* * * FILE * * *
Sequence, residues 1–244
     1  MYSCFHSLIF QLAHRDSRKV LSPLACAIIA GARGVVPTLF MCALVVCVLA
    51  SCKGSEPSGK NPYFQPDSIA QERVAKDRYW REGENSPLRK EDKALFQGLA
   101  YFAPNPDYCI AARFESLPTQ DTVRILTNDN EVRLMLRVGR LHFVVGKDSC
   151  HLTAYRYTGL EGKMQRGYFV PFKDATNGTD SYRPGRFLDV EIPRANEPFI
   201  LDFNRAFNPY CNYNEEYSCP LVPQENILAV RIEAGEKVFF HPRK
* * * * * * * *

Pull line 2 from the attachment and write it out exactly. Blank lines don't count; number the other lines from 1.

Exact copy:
     1  MYSCFHSLIF QLAHRDSRKV LSPLACAIIA GARGVVPTLF MCALVVCVLA